First published in The Times, Monday September 23 2019
The playwright Lorraine Hansberry died in 1965 at the age of 34 but her small body of work has resonated down the decades. She inspired her friend Nina Simone to write the hit song To Be Young, Gifted and Black. Her play A Raisin in the Sun (1959), about the struggles of a black family to improve their social and financial fortunes, is endlessly revived.
That play has built its own mythology, with the setting and characters recurring in works by contemporary playwrights. Bruce Norris’s 2010 play Clybourne Park functions as both a prequel and sequel to the events of A Raisin in the Sun. Its title refers to the largely white Chicago neighbourhood to which the Younger family relocates in Hansberry’s play.
Pic: Eoin Carey
In the opening act we return to 1959 and meet Bev and Russ (played in Rapture Theatre’s production by Jackie Morrison and Robin Kingsland), the middle class white couple seeking a fresh start following a tragedy. The missives have already been signed but the rest of the neighbourhood aren’t happy at the prospect of a black family living among them. One neighbour, Karl (Jack Lord), has recently visited the Youngers to make a counter offer.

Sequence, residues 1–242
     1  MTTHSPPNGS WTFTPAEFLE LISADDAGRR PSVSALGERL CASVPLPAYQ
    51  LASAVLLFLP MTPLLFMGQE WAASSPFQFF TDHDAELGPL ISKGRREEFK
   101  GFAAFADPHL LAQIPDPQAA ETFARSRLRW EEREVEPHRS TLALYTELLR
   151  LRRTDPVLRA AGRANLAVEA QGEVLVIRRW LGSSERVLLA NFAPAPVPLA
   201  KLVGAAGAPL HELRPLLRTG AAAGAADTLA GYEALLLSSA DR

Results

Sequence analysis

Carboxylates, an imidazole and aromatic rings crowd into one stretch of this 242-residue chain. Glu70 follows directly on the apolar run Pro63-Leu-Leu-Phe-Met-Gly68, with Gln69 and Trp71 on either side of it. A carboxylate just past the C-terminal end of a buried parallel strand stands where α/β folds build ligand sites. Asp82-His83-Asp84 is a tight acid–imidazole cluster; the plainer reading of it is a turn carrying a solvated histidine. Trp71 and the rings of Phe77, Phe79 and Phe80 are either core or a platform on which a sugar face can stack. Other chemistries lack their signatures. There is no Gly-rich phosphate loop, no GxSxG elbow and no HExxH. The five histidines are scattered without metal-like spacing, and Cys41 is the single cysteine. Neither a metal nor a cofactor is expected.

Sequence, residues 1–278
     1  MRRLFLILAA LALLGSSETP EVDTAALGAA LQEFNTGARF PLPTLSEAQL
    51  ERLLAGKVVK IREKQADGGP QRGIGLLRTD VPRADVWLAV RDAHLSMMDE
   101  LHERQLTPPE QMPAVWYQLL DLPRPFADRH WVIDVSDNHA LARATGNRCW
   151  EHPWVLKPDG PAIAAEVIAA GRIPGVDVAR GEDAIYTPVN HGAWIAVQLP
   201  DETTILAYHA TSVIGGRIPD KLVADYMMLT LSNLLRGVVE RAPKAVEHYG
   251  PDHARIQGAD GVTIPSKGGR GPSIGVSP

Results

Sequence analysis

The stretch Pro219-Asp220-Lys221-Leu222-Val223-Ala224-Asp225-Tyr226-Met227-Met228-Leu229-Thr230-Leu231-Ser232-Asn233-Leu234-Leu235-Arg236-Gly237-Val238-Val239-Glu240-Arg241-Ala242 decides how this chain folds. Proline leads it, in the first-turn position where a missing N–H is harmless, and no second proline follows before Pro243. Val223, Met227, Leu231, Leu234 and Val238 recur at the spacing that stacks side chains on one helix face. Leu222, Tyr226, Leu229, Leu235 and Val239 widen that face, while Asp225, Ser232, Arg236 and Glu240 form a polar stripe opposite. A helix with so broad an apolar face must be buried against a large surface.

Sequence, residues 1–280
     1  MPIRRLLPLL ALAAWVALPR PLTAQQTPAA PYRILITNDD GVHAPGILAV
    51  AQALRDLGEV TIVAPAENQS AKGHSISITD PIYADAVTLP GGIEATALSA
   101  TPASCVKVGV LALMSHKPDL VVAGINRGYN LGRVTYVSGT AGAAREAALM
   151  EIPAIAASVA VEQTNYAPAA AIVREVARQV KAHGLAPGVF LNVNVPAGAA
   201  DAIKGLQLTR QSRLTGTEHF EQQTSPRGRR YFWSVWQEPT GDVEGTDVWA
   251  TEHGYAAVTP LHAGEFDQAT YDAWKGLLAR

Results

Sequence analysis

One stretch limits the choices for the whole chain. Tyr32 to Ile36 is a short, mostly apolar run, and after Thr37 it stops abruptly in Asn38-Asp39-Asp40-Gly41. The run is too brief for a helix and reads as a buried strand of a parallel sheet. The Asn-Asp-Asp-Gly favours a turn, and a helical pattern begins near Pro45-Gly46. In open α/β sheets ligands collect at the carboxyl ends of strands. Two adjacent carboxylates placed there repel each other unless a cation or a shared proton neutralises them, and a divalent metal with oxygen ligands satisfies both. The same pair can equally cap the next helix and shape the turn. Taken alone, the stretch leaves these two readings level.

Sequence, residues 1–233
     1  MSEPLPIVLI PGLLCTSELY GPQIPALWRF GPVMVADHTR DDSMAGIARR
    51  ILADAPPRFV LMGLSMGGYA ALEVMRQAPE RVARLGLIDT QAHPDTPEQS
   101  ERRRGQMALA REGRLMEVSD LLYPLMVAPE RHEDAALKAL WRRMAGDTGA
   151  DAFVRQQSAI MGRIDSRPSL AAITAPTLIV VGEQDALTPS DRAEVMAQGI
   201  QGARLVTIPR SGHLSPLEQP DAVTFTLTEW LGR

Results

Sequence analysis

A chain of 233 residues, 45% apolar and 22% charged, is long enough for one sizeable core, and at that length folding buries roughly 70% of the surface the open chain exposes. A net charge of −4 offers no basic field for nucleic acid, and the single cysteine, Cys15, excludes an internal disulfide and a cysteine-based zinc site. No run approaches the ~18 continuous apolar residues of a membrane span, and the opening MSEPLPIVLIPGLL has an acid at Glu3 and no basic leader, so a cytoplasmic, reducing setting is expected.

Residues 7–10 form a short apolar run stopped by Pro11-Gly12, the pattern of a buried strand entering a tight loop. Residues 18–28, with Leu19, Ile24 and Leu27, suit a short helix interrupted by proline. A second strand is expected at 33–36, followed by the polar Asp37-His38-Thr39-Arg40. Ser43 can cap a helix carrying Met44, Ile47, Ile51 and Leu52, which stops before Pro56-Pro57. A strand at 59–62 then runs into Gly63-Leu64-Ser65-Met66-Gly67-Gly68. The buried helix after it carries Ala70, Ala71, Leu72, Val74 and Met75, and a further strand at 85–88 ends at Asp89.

This scene, which plays out in the half-emptied front room of the Clybourne Street residence, gradually heats up under Michael Emans’s direction into a tense, beautifully pitched exploration of exclusion and fear of the other. The increasingly bitter argument takes place in full view of the household’s black maid Francine (Adelaide Obeng) and her husband, Albert (Vinta Morgan), both of them seemingly invisible to the noisy throng of white characters.
Pic: Eoin Carey
The second act is a flash forward to 2009. It lacks the emotional depth of the first and feels less assured in Emans’s production. Clybourne Park is now a mostly black, up-and-coming neighbourhood where an incoming white couple has attracted suspicion with their plans to renovate. A meeting involving residents and lawyers ignites into a war of words in which deep prejudices are shown to be simmering below the surface of polite liberalism.
The scene, while excruciating, is also blackly comic. The ensemble, doubling in roles that reflect and contradict their characters from Act One, do justice to Norris’s sharp, nuanced look at race, social change and communication breakdown.